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India may switch to chain base mechanism for GDP estimates

The govt is considering moving to the chain base method of calculating the gross domestic product.

, ET Bureau|
Updated: Dec 12, 2019, 08.17 AM IST
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The shift would require much better data collection with quick addition of new businesses, goods and establishments.
NEW DELHI: In a radical change, the government is considering moving to the chain base method of calculating gross domestic product, from the current practice of a fixed base year to better reflect changes in the economy and prevent controversies.

The ministry of statistics and programme implementation is exploring the idea of a chain base index, where national account statistics or GDP estimates are compared with those of the previous period, instead of a fixed base revised every five years.

The chain base method will capture structural changes in the economy faster by allowing new activity and items to be added every year. Current GDP estimates are based on data for 2011-12 and are due for an update.

“This is the international practice – first reduce your timeline from a 10-year revision to a five-year revision, which we shifted to but the ideal is every year. This improves the indicator,” said an official aware of the development.

“The advantage is that new items and factories which are producing can be introduced. In a five-year revision, it takes 7-8 years to get reflected.”


While discussions on changes are on, no time-frame has been set for a shift. The statistics office junked the idea of shifting to 2017-18 as base year as it was not considered a normal year.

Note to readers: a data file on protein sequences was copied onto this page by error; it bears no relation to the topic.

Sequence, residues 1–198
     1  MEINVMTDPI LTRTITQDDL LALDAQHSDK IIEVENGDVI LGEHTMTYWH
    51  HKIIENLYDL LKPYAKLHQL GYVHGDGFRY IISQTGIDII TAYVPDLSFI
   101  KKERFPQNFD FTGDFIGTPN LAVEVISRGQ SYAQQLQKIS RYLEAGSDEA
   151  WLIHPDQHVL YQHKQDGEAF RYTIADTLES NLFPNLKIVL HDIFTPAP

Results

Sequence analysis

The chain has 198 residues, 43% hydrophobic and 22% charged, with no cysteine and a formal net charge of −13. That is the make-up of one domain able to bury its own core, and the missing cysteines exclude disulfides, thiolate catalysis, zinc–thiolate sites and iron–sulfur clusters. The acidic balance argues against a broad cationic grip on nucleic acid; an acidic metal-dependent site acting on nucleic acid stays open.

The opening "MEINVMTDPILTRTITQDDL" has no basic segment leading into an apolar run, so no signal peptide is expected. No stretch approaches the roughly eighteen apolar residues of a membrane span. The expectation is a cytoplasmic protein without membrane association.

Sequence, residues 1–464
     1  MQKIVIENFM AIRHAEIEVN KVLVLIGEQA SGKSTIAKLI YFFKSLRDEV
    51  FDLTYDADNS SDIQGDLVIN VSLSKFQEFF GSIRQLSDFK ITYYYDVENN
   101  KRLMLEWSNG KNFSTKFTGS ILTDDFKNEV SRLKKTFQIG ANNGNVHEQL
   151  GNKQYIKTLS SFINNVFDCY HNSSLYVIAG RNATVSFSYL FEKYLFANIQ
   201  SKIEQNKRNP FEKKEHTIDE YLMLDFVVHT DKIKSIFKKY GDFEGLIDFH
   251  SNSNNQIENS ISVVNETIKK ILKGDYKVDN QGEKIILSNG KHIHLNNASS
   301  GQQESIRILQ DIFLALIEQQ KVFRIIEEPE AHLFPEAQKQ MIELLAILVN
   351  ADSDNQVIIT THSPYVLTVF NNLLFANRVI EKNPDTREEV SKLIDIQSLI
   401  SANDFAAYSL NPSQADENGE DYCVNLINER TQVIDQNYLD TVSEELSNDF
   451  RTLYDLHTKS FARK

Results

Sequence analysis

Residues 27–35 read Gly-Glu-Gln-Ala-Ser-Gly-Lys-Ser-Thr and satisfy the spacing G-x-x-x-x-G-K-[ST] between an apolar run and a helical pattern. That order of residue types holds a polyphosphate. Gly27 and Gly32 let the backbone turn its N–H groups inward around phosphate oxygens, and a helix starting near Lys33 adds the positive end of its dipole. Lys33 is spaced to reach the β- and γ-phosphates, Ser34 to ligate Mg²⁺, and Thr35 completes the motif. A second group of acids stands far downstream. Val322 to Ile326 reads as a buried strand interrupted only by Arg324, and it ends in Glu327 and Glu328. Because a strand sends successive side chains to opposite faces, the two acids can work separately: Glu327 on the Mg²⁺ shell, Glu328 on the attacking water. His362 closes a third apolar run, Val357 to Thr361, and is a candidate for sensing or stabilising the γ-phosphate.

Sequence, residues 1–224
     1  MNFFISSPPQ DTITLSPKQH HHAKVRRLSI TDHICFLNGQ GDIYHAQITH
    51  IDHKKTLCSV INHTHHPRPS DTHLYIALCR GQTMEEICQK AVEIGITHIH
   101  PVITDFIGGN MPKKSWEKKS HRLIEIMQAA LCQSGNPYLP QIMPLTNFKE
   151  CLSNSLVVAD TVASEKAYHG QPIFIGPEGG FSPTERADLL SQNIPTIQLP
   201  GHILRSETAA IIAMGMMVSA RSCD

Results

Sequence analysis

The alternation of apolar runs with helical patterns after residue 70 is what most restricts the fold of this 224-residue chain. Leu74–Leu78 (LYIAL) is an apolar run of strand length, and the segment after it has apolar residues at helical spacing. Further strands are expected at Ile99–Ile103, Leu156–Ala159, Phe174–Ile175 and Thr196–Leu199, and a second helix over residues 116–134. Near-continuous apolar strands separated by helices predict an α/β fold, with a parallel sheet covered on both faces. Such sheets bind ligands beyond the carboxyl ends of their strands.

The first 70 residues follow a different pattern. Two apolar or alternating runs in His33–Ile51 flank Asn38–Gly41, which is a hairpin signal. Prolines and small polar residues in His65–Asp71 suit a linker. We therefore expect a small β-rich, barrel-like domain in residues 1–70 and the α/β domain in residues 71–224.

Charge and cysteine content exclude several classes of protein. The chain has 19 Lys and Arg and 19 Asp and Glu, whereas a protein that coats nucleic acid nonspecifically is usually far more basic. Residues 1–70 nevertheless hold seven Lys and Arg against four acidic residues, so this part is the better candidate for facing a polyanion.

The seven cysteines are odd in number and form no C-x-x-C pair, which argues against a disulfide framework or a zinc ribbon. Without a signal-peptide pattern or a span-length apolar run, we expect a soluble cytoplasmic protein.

The government faced flak when the GDP Series was revised to 2011-12 from 2004-05 and released in 2015 and attracted criticism after GDP growth for FY17, the year of demonetisation, was revised to 8.2% from 7.1%. Besides the new base year, the methodology was changed to capture information on the corporate sector from the ministry of corporate affairs MCA-21database.

The US shifted to the chain base or chain-weighted index in 1996 and other developed countries followed. In most cases, the shift resulted in significant changes in the numbers of the preceding year, indicating the better outcome produced by this method.

In a fixed base index, weight assigned to various economic activities and goods stays unchanged even if the economy changes structurally. Besides, this method does not factor in relative changes in prices and impact on demand.

In a chain-weighted index, changes are incorporated annually to adjust changes quickly. For instance, it can be argued that current GDP statistics do not fully capture India’s gig economy.

“With 60% of India’s GDP coming from services, a chain based index will capture the changes faster and reflect the realities better than a fixed base. Most developed countries, including the US and those in Europe, follow this practice,” said a former member of the National Statistical Commission.

Such an index will make it easier to compare India’s growth with other countries, said Abheek Barua, chief economist at HDFC Bank. “Consequently, taking decisions on investments and fund flows, where differentials are concerned, would become rigorous,” Barua said.

“This should be done soon but the problem is of inter-temporal comparability because we have never used chain-based index before,” said former chief statistician Pronab Sen.

The shift would require much better data collection with quick addition of new businesses, goods and establishments. This would impose a burden on the data collection machinery as well as the respondents. “If you want frequency, you have to reduce the respondent burden and may have to compromise on the details,” the official said.

As per Sen, while the moving index will show growth closer to the nominal number, its difference from real growth would depend on weights assigned to elements.

“The problem is that the government does not have volume data for the previous year. However, this can be overcome by using weights that are a year older. Chaining means fixed frequency. So, they can fix weights,” Sen said.

“It needs to be seen if growth rates in the chain-based index are closer to nominal or real because it is not necessary if it creates a differential,” said NR Bhanumurthy, professor, National Institute of Public Finance and Policy.

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